Print books

Your child will be able to choose two books from their classroom book trolley. One of these will match the child’s current coloured book band and the other will be a book of their choice. This book can be used in a variety of ways, including discussing the characters and events in the story and clarifying new vocabulary. Parents may also choose to read this book to their child, to model use of expression and reading for pleasure.

Returning books

Please can we kindly ask that all print books are returned to school every Monday so that your child can receive a new book. Please note that your child will not be able to receive a new book if their old book has not been returned. The new eBook will also be allocated at the end of each week.

How can I get involved?

Parents play a crucial role in supporting their child to become confident, fluent readers who enjoy reading. Until they are fluent readers, younger children will benefit from reading aloud to you as often as possible. We advise listening to your child read on a daily basis for 10-15 minutes. By the time they are in Key Stage 2, many children prefer to read silently to themselves. It’s important to create quiet opportunities for them to do so, but parents should also try to find the opportunity to talk to their child about the book they are reading.

When sharing a book with your child, try to take opportunities to talk about the book – before, during and after reading.

Before reading: look at the book cover and talk about your child’s expectations. Is the book likely to be fiction or non-fiction? Have you read other books together about these characters or by this author? What does your child think the book is going to be about?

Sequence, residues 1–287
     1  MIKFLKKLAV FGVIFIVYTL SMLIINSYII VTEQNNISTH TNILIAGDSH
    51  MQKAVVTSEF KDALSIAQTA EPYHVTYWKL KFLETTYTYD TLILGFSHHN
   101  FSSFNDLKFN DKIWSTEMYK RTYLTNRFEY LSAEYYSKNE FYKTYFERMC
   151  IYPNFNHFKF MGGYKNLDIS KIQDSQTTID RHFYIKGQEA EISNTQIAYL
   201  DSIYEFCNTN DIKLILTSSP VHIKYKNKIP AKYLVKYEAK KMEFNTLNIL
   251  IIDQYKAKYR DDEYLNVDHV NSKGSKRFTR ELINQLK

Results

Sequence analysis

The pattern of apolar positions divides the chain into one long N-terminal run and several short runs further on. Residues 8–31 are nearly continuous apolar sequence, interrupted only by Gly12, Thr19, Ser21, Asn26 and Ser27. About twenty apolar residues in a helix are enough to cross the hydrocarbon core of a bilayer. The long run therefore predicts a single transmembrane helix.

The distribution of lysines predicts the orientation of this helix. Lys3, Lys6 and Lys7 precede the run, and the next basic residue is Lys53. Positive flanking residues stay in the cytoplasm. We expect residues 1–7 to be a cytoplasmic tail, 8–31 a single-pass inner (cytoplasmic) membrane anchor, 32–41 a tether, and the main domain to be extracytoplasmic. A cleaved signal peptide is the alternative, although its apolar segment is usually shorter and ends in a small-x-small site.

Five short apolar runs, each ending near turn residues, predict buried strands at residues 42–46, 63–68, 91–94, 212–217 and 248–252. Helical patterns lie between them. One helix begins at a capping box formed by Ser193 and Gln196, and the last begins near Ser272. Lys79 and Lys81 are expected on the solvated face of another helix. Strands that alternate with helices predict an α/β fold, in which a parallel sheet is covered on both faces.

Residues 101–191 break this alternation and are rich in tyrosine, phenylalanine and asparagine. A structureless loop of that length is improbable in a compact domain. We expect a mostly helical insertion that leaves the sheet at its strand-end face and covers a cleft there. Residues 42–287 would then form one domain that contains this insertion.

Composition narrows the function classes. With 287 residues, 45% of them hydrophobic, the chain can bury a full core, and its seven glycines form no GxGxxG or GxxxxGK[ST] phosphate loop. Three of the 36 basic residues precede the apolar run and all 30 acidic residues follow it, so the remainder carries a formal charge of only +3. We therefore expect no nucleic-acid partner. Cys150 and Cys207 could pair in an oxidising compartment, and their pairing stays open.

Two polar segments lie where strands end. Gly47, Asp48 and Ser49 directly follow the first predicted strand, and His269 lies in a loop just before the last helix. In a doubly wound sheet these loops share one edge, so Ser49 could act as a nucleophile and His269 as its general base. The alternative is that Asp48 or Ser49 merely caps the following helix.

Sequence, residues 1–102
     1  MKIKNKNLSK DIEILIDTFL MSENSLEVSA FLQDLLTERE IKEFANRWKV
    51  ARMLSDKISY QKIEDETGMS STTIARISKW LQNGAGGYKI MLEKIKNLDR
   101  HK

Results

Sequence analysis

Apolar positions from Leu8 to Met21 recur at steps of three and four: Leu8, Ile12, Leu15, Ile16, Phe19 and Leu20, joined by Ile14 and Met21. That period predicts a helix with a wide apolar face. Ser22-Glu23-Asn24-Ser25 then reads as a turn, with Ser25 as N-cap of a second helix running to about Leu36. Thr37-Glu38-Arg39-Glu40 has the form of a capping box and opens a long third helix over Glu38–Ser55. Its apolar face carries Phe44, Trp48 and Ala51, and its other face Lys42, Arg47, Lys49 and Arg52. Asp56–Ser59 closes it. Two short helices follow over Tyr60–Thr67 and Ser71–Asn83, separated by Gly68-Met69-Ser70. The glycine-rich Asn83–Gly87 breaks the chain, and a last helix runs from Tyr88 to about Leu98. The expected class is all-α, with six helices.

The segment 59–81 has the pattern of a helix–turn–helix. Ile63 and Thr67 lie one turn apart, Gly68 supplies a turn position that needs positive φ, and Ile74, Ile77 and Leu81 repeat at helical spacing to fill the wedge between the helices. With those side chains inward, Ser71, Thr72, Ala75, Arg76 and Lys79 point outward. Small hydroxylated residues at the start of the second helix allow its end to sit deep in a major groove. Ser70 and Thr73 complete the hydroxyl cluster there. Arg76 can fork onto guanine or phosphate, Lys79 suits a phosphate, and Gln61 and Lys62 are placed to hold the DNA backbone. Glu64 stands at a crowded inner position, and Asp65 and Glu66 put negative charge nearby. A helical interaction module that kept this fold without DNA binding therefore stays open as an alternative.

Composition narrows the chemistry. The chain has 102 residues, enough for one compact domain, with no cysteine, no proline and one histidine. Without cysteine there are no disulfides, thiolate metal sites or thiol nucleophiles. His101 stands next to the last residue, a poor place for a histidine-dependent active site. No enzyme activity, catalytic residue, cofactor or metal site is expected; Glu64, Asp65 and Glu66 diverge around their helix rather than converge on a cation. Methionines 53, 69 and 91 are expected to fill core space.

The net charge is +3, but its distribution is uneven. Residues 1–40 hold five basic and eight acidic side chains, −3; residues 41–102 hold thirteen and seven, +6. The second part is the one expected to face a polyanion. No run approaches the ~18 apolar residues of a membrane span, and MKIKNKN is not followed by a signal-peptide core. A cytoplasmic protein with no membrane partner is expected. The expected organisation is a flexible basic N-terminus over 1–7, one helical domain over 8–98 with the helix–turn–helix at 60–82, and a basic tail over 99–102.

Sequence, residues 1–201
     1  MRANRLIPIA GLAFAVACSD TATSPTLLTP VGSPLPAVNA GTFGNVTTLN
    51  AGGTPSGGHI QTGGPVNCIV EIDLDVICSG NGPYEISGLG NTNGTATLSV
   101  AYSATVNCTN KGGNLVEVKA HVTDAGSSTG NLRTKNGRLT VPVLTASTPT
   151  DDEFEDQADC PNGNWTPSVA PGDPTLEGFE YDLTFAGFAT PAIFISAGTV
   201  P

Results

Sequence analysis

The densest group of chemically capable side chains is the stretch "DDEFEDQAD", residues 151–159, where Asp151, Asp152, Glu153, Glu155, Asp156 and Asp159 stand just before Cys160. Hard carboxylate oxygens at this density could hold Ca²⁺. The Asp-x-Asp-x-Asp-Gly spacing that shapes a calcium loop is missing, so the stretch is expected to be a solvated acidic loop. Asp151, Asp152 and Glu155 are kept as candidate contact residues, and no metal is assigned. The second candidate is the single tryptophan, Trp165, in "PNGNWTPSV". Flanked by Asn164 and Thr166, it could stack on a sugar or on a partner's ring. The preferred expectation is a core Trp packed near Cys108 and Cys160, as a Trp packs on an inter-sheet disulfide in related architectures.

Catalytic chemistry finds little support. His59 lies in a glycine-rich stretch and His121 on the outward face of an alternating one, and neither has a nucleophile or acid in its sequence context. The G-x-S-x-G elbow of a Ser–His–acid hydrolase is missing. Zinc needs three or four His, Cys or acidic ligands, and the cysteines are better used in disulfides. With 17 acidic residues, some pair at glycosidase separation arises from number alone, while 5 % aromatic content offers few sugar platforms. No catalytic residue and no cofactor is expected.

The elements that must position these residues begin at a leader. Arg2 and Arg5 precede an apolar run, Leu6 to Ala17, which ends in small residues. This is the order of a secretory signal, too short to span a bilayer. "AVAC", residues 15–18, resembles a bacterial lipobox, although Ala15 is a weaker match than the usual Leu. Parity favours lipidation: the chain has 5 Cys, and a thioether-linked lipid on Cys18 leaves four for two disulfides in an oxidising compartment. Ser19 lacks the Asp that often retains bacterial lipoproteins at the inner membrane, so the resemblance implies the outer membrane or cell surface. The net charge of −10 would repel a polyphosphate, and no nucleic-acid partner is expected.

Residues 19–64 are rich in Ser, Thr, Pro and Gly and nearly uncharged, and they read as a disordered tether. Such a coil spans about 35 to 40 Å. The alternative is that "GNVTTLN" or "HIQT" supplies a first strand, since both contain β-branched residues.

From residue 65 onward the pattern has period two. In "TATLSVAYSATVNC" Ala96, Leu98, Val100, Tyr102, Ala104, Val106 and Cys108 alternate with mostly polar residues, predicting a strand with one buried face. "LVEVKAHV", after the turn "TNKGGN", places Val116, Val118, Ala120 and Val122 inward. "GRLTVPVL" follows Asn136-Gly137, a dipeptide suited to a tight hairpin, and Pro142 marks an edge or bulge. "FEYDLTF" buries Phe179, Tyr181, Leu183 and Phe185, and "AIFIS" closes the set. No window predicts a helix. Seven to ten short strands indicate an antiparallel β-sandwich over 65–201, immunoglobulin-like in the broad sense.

While reading: support your child when unknown words need tackling: you can use the pictures for support, sound them out, split them into syllables, or identify suffixes and prefixes. Remind your child to listen to the words while reading them, to make sure that they make sense. Have a ‘meaning check’ every now and again to ensure that your child understands the text.

After reading: talk about the book. What was it about? Did it match your child’s expectations? Ask questions beginning with the words ‘how’ and ‘why’ to check that your child has been able to read between the lines.

What can I do to help reading comprehension?

Understanding the book is vital and as part of learning to read, it is important that your child develops their comprehension skills. As you read together, talk about what is happening in the book, what might happen next, and anything that has puzzled them. Encourage your child to re-tell the main parts of the story, using the pictures as a prompt if they need it. When your child finishes a book, ask them whether they liked it or not and encourage them to explain why. After discussing the book, it would be a good time to do the activities linked to the Bug Club book.

If you have any questions, then please get in touch.